Indian American lawmakers sponsor bill to fight Covid abroad

Photo credit: Feras Ismail, American Bazaar

IMPACT seeks community support for NOVID Act saying this is not an Indian crisis, but a global one.

Three Indian lawmakers, Raja Krishnamoorthi, Pramila Jayapal, and Ro Khanna have sponsored a bill calling for bold US leadership to fight the pandemic across the world.

The bill would allocate $34 billion to dramatically expand US anti-Covid aid to end outbreaks and prevent new strains through vaccinating 60% of the population of 92 most vulnerable low-and-middle income countries

House members Krishnamoorthi and Jayapal were joined by senators Jeff Merkley and Elizabeth Warren in introducing the bicameral Nullifying Opportunities for Variants to Infect and Decimate  (NOVID) Act Wednesday.

Even as global Covid-19 infection and fatality rates decline, more than 300,000 new people test positive each day, Krishnamoorthi noted in a press release.

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He cited a recent survey by Oxfam saying 88% of epidemiologists believed that persistent low vaccine coverage in many countries would make it more likely for vaccine-resistant mutations to emerge from the ongoing caseload and 66% said that within a year the virus would mutate to the extent that the majority of first-generation vaccines would become ineffective.

Following in the footsteps of the Lend-Lease Act in the Second World War, the NOVID Act would immediately help save lives in those nations still hardest-hit by the virus by reducing the potential emergence of dangerous new strains, the release said.

It would do so by helping to inoculate at least 60% of the populations of the 92 low- and middle-income countries eligible to receive Covid-19 vaccines through the Covid-19 Vaccines Global Access (COVAX).

“Despite the progress we’ve made here at home, the coronavirus continues to devastate other parts of the world, and these outbreaks represent a threat to Americans with an increased risk of double and triple mutation variants which the vaccines we have today may not be able to stop,” said Krishnamoorthi.

“That’s why I’m proud to join with my colleagues in introducing this legislation to protect our country from new variants by helping our partners abroad vaccinate their populations, end their outbreaks, and prevent new variants from emerging within their borders or reaching ours.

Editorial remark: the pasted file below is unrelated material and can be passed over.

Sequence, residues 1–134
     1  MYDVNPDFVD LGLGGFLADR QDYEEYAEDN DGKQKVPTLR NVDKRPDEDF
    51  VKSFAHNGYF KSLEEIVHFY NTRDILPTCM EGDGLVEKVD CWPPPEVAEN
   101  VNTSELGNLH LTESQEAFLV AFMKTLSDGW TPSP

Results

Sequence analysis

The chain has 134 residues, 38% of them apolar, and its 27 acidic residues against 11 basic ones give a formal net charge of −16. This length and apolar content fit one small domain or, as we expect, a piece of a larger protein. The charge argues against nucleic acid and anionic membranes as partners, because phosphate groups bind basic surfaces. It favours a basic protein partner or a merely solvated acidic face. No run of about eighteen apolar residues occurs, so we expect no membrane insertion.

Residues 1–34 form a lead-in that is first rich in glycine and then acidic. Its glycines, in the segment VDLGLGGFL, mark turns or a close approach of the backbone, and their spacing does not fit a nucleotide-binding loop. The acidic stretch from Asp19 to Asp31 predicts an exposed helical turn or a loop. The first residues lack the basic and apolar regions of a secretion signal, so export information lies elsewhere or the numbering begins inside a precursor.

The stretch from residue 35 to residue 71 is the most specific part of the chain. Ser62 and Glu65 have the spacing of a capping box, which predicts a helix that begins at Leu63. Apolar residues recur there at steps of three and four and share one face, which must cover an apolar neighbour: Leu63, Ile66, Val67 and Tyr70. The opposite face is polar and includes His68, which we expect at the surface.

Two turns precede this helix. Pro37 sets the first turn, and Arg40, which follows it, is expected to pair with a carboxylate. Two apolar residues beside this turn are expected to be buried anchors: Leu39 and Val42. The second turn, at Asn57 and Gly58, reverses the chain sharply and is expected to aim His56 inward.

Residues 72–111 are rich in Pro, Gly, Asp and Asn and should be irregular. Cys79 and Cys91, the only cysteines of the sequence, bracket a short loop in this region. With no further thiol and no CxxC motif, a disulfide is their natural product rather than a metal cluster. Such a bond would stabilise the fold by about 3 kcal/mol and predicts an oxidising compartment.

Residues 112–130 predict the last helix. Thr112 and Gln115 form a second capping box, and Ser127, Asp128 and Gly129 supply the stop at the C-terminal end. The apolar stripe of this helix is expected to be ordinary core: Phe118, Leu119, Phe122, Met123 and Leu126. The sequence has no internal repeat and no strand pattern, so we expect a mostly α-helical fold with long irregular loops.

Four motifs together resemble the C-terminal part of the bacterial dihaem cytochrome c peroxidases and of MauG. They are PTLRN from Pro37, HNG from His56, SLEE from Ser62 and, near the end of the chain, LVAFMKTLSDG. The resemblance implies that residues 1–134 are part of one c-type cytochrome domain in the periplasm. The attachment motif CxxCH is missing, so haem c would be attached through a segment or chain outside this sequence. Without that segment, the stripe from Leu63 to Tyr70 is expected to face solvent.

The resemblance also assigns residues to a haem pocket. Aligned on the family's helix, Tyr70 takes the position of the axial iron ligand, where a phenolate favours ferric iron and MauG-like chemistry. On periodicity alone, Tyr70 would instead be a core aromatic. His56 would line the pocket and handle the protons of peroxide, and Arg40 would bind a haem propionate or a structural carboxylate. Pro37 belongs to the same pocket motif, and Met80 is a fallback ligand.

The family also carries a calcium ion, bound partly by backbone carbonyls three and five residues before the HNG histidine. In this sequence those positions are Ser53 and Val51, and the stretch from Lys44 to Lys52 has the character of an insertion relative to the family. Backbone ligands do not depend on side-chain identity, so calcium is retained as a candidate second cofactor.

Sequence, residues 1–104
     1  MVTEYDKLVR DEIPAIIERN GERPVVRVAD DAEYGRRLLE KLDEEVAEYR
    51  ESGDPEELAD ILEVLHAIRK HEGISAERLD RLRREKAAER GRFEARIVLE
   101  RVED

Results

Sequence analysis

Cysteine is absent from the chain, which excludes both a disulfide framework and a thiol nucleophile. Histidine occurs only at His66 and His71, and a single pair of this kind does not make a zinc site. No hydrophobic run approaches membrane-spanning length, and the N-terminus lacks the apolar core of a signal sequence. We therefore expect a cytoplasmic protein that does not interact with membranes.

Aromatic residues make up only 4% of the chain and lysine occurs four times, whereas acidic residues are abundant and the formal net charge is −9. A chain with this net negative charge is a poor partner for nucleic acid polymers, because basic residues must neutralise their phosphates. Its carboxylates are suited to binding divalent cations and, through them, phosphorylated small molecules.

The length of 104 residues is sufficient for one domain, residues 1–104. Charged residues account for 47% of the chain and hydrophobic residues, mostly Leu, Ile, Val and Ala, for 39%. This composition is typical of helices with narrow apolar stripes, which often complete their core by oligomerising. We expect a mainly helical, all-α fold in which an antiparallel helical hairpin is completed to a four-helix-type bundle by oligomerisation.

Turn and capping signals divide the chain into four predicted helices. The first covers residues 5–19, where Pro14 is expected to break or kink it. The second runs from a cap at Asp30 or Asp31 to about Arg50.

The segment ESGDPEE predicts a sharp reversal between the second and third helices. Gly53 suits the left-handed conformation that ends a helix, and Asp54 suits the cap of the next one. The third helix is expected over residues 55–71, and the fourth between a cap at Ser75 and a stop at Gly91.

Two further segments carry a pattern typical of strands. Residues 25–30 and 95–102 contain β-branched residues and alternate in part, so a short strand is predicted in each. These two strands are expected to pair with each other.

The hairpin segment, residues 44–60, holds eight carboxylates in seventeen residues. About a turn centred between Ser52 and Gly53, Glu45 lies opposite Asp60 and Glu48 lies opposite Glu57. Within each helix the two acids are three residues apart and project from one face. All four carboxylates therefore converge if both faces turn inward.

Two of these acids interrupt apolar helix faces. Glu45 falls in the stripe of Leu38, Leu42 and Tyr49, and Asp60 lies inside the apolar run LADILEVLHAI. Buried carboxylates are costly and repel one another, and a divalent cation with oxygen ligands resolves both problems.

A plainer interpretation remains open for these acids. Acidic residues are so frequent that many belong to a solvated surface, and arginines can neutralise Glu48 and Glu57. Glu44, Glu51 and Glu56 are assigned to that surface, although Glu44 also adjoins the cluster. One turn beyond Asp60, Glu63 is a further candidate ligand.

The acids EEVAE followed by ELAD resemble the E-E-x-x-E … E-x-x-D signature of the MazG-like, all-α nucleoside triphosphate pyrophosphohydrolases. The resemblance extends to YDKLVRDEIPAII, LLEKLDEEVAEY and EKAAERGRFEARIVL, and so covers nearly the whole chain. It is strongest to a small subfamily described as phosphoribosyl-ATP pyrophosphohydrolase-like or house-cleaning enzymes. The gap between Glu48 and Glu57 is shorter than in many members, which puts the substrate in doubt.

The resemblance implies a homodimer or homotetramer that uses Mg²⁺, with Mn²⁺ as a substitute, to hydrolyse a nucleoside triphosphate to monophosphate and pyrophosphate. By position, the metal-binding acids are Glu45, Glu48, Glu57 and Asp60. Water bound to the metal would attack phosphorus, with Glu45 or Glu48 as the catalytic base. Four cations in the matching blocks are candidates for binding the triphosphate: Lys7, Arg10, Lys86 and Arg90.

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“So long as Covid-19 continues to thrive anywhere, it’s a threat to everyone everywhere, and that means we need the global response the NOVID Act would provide,” he said.

“A global pandemic is not over until it is over everywhere,” said Jayapal. “It is not only our moral responsibility to quickly and equitably unleash the resources necessary to defeat this deadly virus abroad, but doing so will also keep us safe at home while reducing the risk of dangerous new variants.

“At the heart of the NOVID Act is a powerful recognition that whether you live in America or around the world, your future is intertwined with mine — that we’re all better off when we’re all better off.”

The bill would authorize spending for $34 billion: $25 billion to cover the cost of scaling manufacturing capacity and producing 8 billion vaccine doses; $8.5 billion to cover the cost of end-to-end delivery of enough vaccines to immunize 60% of the populations in the 92 COVAX countries; and $500 million to establish a global disease surveillance network to protect against future pandemics.

In addition to the bill’s co-leads, the House version of the NOVID Act’s original cosponsors included Ro Khanna.

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IMPACT, a leading Indian American community organization has sought people’s support for the NOVID Act.

“This is not an Indian crisis, but a global one—and what we do now comes back to America,” said IMPACT Executive Director Neil Makhija. “Global vaccine inequity leaves us all susceptible to new Covid variants.”

The NOVID Act lowers the risk of new and dangerous variants from reaching the United States, and positions us as global leaders in the fight against this devastating pandemic, he said.

Makhija said IMPACT was “grateful for the work of representatives like Reps. Krishnamoorthi, Jayapal, and Khanna who have been fierce advocates in the fight against the pandemic across India and the globe.”

“The pandemic will not end for any of us until it ends for all of us,” he said.

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